the tech stuff took a bit to wrangle at first (I’d started with typepad, then blogger, and through the suggestion of a couple graphic designer friends of mine, settled on wordpress, because it gave me more flexibility. (I do like tumblr too) — playing with it as sort of a “daybook”. it’s been a good exercise on so many fronts…really, a journey in the best possible way…
    let me know when you’re ready for a set of eyes.

  4. ‘Hierarchies/categories’. boy, you do raise the big questions. They MAY be in our nature—after all, simply as creatures living in the world we need some way of ordering the stimuli rushing in from various quarters. But are the power hierarchies that we (as a culture) construct to divide ourselves inevitable? I really believe in my bones that, at worst, the jury’s out on that one. I find hope in the fact that there have always been resisters contesting the categories of their day And in the fact that we have moved some distance from, say, the great-chain-of-being belief that social hierarchy is an ‘in the blood’ given: signed, sealed,delivered—straight from God. Your ‘Memory Hole’ post today is uncannily (writ large) relevant to the conversation happening over here on ‘Banned Books’. I’m with Orwell: ‘The war is waged by each ruling group against its own subjects, and the object of the war is …to keep the structure of society in tact,” with the proviso that we are not simply victims but also, however unwittingly, complicit. (Hummm, I guess that’s what 1984 is all about—I’ll have to re-read it.) Accomplices, partly thanks to the ‘diet of distraction and obfuscation’ we live on—so visible in those heart-wrenchingly frustrating student essays I read when I was teaching. But the complicity of language—its nature and its power as the foundational ordering system we live by—is the question that has seized me in the quest for ‘how politics biologises it’s authority’. I am chomping at the bit to expand on that, launching out from your comments on language an rhetoric. But I will leave it for now or next thing you know I’ll be homesteading on ’native-to-the-place’.

    A word though on collaboration. Leaving aside easy cases, insight into unwitting collusion, our own or others’, seems to happen after-the-fact: we cannot know in advance or even at the time, when we get it wrong—all we can do is read closely and learn, groping for the next dot of a “‘new to-be’” I love how you treat this problem —Salter is one good example: critique? absolutely!; out-of-hand condemnation of a life’s work? no. I’m also looking forward to reading Randy Kennedy’s piece on Ernest Withers. But I do know that, whatever his position, the ‘I am a man’ photo ignites hope and its example of dignity at the furtherest extreme-will continue to haunt and inspire me until the day I die.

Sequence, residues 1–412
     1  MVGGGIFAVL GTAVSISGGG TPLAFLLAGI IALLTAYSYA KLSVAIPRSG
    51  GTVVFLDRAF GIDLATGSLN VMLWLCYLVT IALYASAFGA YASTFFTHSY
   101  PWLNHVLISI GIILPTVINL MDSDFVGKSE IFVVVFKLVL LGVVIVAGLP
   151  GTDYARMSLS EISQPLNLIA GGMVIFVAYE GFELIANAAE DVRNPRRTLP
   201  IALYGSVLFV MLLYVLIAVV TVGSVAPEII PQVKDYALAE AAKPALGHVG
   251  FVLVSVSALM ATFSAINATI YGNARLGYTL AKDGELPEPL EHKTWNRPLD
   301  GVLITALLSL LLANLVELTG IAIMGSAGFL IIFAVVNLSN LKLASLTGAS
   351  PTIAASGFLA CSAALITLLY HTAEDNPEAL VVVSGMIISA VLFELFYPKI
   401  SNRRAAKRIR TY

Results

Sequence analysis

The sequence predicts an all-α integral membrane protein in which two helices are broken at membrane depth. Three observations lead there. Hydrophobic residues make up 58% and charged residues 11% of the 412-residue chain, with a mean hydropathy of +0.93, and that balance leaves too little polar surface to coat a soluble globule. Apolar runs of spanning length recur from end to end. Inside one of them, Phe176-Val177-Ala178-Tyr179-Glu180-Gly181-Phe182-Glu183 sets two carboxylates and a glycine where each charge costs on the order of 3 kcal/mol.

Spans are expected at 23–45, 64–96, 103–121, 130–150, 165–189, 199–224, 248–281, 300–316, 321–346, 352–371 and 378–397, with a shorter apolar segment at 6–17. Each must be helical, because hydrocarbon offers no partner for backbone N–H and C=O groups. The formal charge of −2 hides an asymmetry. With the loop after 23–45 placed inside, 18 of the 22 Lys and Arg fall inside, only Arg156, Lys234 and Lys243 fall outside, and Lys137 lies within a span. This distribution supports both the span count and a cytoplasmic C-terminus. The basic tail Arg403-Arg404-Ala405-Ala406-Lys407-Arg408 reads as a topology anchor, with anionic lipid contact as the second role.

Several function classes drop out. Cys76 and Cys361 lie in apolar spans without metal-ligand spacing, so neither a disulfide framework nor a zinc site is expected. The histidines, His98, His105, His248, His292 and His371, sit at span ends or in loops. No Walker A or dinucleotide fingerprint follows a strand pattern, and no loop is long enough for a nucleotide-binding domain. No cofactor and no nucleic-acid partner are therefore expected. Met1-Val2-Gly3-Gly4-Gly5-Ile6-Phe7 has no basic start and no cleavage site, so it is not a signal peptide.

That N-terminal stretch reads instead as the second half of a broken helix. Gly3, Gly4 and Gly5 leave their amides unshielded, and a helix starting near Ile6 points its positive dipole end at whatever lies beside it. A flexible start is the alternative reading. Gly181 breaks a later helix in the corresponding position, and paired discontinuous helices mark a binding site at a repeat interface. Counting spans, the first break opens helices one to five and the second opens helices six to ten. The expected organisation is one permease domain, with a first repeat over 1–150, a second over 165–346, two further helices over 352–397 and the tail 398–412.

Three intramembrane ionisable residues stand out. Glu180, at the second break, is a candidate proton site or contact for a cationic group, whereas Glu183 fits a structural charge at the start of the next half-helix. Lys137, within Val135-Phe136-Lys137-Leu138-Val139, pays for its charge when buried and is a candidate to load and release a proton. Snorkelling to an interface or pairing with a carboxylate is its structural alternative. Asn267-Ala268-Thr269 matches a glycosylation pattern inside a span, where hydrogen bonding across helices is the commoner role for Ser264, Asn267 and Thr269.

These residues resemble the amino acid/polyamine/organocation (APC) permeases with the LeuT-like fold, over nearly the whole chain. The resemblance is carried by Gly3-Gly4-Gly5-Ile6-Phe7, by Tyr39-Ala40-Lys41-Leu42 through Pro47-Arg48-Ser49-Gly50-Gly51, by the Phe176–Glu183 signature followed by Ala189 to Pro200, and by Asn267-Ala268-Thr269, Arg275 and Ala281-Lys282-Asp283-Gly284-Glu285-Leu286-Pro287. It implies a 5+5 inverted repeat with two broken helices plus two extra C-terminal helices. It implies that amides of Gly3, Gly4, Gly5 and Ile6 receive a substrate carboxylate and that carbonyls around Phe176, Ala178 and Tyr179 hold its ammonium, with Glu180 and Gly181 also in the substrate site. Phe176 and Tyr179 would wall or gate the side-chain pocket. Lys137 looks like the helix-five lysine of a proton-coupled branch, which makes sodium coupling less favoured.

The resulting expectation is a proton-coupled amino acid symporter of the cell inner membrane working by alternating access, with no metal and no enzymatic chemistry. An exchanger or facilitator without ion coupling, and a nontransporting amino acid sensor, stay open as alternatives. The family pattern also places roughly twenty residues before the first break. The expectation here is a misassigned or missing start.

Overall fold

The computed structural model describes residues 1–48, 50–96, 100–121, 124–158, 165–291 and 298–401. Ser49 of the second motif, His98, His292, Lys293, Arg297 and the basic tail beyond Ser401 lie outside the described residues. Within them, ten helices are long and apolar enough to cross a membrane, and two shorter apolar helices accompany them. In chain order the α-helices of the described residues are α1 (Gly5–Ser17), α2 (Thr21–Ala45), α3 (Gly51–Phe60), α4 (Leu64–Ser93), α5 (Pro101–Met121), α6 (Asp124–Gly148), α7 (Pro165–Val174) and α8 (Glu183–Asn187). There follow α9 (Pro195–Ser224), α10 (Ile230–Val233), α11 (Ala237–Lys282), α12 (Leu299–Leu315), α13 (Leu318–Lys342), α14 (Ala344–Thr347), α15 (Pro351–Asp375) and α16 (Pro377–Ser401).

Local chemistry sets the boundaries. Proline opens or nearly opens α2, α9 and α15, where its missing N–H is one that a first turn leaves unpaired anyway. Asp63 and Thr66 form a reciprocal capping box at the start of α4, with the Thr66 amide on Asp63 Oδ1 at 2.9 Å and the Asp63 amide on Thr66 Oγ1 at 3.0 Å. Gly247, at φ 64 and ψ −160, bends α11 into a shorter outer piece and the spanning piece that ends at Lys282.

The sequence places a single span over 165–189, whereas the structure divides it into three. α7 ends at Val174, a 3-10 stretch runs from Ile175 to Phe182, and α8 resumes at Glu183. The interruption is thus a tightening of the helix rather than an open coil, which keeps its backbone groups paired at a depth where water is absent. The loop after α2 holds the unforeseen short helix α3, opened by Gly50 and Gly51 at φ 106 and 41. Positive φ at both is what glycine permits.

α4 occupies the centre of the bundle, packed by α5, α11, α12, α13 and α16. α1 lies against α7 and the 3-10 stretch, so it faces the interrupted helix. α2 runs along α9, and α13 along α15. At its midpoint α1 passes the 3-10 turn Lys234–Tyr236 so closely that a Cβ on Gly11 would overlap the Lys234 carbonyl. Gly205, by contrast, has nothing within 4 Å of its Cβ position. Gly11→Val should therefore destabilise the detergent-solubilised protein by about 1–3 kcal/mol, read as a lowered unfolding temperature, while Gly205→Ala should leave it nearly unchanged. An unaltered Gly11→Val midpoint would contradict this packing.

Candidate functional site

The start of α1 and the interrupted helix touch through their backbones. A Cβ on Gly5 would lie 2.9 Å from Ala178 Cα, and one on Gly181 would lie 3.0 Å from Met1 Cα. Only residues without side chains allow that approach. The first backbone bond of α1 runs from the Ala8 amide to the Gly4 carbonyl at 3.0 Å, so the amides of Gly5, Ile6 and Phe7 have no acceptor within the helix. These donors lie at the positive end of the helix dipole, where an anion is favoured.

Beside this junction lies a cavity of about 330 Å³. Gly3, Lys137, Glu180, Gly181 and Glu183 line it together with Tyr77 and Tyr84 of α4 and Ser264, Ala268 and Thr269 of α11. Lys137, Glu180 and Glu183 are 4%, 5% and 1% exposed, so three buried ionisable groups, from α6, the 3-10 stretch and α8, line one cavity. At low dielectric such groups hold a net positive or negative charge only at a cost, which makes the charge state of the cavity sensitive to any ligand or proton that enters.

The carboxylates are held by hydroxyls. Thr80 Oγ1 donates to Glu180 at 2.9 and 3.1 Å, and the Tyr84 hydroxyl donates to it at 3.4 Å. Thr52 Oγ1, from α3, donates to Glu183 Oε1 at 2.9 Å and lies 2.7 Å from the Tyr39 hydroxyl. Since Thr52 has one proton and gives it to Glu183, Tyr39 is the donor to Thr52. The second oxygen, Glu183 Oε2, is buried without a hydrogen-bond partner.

Blogging—That ‘lingering impression’ those ‘brief observations’ and that ‘tiny bit of the story that wouldn’t fit anywhere else’ —these are what interest me most too. Sometimes you can only glimpse them from the corner of your eye, nagging little strays. Dedicating a blog to this ‘marginalia’ was a brainstorm! A great gift for your readers and for me this blog is a commemorative archive of all sorts of people, places and events, many of them new to me. And I’d bet that as you look over these pieces you glimpse shapes of the work to come.

    I’ve gone for WordPress, plugging away on ‘my experimental’ lorem ipsum blog. Also re-writing part 2, the hardest bit of first post which now seems to lurch between thicket and polemic. But I already feel that I’ve hit the road on the most exciting journey yet. As for another pair of eyes, I’d love you to read part 1 of post 1 but at around 600 words think it’s something of an imposition. Specially in marking season!

  5. Sorry for my slow reply…I’m just turning the corner on the homestretch of the semester and it’s been a bit intense — plus a couple of deadlines hovering. How has your experimenting been going? Are you finding your way toward a voice, tone, POV that’s feeling somewhat comfortable?

  6. Not at all! believe me, I know just how intense end-of-term is, not to mention having other deadlines as well!

    The experiment proceeds… if not exactly apace. I had started with chaotic soul (even before I fell onto your blog) just because it feels right, but then thought I needed a more complicated structure to accommodate moderator’s suggestions so– started exploring other themes, html..and, not surprisingly as the only person I know who actually went to Helvetica-the-movie, whirred around for awhile in the typography vortex. Now feeling confident enough to reject most of that and get back to square one. It’s all been worth it though in helping to think through an approach which, of course, affects what’s for me the most challenging element of all—voice. just ain’t no shortcuts on that one!
    I shall keep you posted and in the meantime, good luck on the slog and the deadlines and, personally, I’m looking forward to reading more ‘flotsam of the road.’